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数据加载中……

A Blog Application with Wideplay's Warp Framework(1)

A Blog Application with Wideplay's Warp Framework

First check out the Hello World example to get yourself going. In this article, I'll show you how to knock together a simple Blog application where you can browse and read blog entries. You will learn the following Warp concepts:

  • Page Injection
  • RESTful behavior and the HyperLink component
  • The Table and Column components
  • Simple Internationalization (i18n)

First let's create ourselves a data model object representing a blog. This will be a simple POJO with 2 fields: subject and text.

public class Blog {

private String subject;

private String text;

//don't forget your getters/setters here...

}


OK, now we make a list page where you can see a list of all the blogs currently in the system. For simplicity, we will store blogs in a HashMap. The Page object class for this list should look something like this:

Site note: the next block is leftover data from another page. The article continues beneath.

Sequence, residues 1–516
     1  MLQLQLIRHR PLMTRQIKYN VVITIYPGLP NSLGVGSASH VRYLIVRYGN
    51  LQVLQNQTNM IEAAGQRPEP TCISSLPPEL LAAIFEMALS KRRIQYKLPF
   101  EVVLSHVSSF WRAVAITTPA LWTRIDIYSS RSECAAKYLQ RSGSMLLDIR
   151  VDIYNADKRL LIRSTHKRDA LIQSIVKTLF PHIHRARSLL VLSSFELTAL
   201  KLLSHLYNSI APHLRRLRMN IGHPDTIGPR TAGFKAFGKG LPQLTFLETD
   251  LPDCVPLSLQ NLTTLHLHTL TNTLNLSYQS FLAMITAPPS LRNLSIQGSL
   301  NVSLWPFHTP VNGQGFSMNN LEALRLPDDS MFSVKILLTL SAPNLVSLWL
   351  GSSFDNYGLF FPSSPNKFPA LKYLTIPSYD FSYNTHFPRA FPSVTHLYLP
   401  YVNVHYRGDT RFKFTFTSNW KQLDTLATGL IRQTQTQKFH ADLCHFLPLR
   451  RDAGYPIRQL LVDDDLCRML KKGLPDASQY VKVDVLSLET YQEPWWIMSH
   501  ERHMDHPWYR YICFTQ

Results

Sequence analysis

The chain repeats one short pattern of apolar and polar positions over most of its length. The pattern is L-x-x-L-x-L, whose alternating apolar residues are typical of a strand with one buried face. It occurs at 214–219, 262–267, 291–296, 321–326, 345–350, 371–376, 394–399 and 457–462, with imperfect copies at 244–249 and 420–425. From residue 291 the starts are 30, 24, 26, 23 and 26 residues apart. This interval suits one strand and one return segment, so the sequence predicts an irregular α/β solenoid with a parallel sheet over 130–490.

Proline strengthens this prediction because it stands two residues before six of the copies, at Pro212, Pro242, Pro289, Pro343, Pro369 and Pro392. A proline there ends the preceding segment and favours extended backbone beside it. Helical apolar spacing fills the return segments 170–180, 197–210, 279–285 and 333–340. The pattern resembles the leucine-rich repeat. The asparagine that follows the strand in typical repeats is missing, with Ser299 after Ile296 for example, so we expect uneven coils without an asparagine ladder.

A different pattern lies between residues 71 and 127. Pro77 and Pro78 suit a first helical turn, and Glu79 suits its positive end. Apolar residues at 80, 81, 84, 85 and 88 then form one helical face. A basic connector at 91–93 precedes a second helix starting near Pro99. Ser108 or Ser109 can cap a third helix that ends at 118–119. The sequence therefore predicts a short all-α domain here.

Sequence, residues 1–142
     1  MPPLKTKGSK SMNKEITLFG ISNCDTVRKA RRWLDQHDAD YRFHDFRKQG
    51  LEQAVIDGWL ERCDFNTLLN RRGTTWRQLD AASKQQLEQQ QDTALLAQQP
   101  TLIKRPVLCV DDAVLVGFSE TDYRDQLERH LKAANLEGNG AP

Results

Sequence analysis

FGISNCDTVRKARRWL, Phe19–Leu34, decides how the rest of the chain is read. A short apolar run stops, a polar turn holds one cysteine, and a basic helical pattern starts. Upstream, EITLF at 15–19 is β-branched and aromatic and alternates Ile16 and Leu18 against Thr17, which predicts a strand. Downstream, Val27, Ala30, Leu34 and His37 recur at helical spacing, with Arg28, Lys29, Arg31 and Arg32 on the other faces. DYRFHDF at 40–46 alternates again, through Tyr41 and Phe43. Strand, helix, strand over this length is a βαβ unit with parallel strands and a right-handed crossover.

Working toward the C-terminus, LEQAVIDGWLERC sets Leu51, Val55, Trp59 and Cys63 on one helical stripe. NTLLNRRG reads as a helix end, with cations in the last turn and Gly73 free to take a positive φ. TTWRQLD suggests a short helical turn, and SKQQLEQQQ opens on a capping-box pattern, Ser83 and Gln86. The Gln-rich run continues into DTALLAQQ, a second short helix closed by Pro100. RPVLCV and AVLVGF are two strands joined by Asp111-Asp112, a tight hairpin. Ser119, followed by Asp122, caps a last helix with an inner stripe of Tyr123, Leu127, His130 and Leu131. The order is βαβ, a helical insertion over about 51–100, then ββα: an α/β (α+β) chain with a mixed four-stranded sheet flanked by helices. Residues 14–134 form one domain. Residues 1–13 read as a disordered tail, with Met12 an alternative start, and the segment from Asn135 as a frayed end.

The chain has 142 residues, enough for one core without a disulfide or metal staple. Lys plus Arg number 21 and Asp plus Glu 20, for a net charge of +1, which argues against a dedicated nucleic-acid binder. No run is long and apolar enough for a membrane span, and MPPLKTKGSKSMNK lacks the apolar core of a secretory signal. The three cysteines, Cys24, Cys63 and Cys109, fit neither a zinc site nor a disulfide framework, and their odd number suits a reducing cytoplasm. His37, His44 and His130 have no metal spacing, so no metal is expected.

@URIMapping("/blogs")

public class ListBlogs {

private final Map<String, Blog> blogs = new HashMap<String, Blog>();



public ListBlogs() {

//setup a blog as dummy data

blog = new Blog("MyBlog", "Warp is so great...");

blogs.put(blog.getSubject(), blog);

}



public Collection<Blog> getBlogList() {

return blogs.values();

}

}



Note the @URIMapping annotation which tells warp to map this page object to the URI "/blogs". The getter for property blogList, simply returns a list of all the values contained in our HashMap of blogs. For the interesting part, let's make a template to layout our blogs:



<?xml version="1.0" encoding="UTF-8"?>